Editor's Note: Updated at 3:55 p.m. to add comments from Bowen's office.

PHOTO: A screenshot of the the California Secretary of State website.

April 8, 2014
California's tax collections jumped by $18.2 billion in 2013

PROP30.JPGCalifornia's tax revenues jumped by $18.2 billion in 2013, thanks to an improving economy and the impact of a temporary sales and income tax increase approved by voters, a new Census Bureau report shows.

All tax collections, including those for special purposes as well as the state general fund, increased from $115 billion in 2012 to $133.2 billion last year, with virtually of the increase generated by sales and income taxes. The general fund received about 75 percent of the taxes.

California's 15.6 percent increase was more than twice the 6.1 percent increase recorded by all states, the Census Bureau reported, Total state collections were $846.2 billion last year, with California's $133.2 billion being 15.7 percent of all state taxes, even though the state has just 12.2 percent of the nation's population.

The latter data bolster a new calculation by the Tax Foundation that Californians had the nation's fourth highest state and local tax burden in 2011, 11.4 percent of personal income.

Personal and corporate income taxes, the state's largest sources of revenue at $74.3 billion, jumped by $12 billion from 2012 while sales and other excise taxes, including fuel taxes, $48.1 billion last year, were up by nearly $7 billion. Personal income taxes alone totaled $66.8 billion while sales taxes alone were $33.9 billion.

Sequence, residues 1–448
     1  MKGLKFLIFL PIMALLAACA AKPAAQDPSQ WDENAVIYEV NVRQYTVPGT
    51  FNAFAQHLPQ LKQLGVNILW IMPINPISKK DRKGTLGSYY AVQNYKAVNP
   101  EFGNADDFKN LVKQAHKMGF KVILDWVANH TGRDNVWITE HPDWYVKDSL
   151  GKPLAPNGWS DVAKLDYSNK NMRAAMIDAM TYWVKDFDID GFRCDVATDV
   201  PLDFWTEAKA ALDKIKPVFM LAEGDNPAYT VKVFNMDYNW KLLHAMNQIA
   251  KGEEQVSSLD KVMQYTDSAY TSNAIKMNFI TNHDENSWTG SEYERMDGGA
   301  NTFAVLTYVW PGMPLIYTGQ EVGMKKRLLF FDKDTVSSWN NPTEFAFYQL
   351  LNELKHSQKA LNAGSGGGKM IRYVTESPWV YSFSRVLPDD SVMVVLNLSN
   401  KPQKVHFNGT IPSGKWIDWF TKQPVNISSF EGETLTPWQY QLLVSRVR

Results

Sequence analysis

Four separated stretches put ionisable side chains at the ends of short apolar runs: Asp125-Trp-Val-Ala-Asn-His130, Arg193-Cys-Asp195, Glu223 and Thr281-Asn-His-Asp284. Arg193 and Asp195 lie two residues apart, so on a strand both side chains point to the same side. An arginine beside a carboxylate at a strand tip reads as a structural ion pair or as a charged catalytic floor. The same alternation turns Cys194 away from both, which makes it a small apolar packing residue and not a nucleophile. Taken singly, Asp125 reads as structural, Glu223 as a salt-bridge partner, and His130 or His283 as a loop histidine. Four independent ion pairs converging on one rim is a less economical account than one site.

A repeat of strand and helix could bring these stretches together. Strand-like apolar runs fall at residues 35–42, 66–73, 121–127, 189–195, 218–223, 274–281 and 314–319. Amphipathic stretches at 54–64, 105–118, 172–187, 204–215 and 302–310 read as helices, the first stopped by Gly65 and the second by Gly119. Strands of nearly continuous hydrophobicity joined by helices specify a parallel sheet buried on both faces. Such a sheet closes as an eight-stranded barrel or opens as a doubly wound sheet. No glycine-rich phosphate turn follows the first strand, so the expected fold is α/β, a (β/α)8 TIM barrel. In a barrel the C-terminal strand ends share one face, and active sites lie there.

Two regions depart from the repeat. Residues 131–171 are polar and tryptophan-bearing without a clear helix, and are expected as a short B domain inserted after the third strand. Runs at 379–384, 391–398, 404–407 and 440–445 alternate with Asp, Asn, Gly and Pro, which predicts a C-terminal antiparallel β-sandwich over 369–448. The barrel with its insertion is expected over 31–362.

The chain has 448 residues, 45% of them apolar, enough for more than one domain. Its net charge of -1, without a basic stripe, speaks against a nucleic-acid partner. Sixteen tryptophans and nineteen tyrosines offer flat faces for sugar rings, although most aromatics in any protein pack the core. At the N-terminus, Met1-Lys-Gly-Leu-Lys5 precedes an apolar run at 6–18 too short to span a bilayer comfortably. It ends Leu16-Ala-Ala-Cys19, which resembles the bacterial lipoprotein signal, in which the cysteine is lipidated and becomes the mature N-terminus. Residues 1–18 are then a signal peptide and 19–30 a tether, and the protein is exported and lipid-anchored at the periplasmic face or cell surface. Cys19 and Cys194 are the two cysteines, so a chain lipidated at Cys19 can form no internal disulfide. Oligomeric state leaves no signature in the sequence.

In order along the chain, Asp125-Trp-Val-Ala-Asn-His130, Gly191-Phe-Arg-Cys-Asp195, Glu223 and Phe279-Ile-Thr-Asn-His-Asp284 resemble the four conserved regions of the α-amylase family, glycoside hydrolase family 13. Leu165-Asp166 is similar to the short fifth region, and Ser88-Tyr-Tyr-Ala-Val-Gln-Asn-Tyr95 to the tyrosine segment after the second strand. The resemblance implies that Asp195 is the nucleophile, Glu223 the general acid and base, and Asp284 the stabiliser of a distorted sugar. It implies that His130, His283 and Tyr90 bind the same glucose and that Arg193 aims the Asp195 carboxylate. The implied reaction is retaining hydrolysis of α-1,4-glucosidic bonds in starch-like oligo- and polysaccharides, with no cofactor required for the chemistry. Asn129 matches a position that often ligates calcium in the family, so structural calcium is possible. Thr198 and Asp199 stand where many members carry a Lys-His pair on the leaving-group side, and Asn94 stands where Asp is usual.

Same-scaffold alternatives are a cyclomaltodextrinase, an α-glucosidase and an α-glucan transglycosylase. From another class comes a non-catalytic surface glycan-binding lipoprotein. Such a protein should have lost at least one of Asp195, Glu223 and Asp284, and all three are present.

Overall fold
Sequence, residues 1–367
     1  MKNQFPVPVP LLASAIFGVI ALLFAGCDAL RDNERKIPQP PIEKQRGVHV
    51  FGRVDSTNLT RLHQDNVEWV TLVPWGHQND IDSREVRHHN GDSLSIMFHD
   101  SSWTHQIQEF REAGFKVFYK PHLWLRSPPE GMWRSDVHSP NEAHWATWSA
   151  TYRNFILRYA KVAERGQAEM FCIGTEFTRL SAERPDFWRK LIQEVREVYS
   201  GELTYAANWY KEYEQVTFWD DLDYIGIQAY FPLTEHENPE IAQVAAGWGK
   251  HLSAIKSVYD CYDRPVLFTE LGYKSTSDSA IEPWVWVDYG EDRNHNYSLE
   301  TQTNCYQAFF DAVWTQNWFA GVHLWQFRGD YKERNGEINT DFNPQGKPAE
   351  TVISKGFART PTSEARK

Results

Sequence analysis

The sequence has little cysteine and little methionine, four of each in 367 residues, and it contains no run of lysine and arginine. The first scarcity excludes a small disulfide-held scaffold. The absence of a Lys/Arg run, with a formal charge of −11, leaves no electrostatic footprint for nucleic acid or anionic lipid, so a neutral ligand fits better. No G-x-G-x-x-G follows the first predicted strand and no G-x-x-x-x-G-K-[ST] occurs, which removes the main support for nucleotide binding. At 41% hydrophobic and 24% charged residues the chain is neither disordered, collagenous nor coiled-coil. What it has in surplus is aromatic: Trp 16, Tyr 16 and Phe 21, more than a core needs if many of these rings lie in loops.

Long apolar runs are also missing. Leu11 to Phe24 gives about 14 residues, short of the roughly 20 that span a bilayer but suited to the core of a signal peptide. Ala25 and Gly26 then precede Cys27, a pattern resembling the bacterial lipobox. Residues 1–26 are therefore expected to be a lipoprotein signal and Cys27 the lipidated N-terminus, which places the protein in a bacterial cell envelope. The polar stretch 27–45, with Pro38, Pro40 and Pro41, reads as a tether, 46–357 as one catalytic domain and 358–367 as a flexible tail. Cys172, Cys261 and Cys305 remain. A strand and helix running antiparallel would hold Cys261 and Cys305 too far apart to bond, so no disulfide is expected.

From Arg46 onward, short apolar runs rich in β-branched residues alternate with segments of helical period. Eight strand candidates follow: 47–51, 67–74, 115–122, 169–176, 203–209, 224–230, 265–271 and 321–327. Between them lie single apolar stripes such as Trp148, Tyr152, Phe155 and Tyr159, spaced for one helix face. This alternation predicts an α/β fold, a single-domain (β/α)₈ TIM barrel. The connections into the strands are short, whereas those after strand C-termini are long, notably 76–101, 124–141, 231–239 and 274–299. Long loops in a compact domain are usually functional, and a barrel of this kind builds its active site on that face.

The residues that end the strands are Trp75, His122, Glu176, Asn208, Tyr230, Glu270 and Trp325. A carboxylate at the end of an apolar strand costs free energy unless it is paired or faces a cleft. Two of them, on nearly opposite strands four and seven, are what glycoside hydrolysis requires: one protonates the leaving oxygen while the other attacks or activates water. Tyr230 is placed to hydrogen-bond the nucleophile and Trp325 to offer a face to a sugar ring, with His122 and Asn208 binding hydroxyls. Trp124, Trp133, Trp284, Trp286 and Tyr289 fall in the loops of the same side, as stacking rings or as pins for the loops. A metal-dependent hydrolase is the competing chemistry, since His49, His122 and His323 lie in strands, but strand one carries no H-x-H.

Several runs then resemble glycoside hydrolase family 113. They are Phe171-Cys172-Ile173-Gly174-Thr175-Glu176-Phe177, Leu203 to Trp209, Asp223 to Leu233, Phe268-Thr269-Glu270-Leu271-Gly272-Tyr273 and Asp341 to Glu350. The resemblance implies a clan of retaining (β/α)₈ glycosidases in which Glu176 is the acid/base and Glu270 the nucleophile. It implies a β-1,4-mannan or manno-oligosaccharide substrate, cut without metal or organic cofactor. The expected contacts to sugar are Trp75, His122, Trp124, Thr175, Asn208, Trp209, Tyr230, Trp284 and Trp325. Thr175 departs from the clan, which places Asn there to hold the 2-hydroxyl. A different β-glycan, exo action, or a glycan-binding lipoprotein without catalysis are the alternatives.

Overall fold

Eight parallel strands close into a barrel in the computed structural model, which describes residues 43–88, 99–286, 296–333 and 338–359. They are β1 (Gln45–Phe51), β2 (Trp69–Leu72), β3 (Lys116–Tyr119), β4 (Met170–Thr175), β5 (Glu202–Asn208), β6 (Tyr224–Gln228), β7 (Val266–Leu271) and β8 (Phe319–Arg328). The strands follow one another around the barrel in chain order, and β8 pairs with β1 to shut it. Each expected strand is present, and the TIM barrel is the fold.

In 2012, voters approved Proposition 30, which increased the state sales tax fractionally but sharply boosted income taxes on the state's most affluent families. It was estimated that those increases would add about $6 billion a year to the state's revenue stream but total revenues, including those from the tax hike, jumped by $18.2 billion, three times as much.

Editor's note: Calculation updated at 4:15 p.m.

PHOTO: Students, dignitaries and supporters cheer on Gov. Jerry Brown who holds up a campaign sign and encourages students to vote yes for Proposition 30 at Sacramento City College in 2012. The Sacramento Bee/Randy Pench

April 7, 2014
California still holds 4th place in state-local tax burdens


Californians carried the nation's fourth highest state and local tax burden in 2011, the Tax Foundation says in a new report, largely because its personal incomes are markedly lower than those of other high-tax states.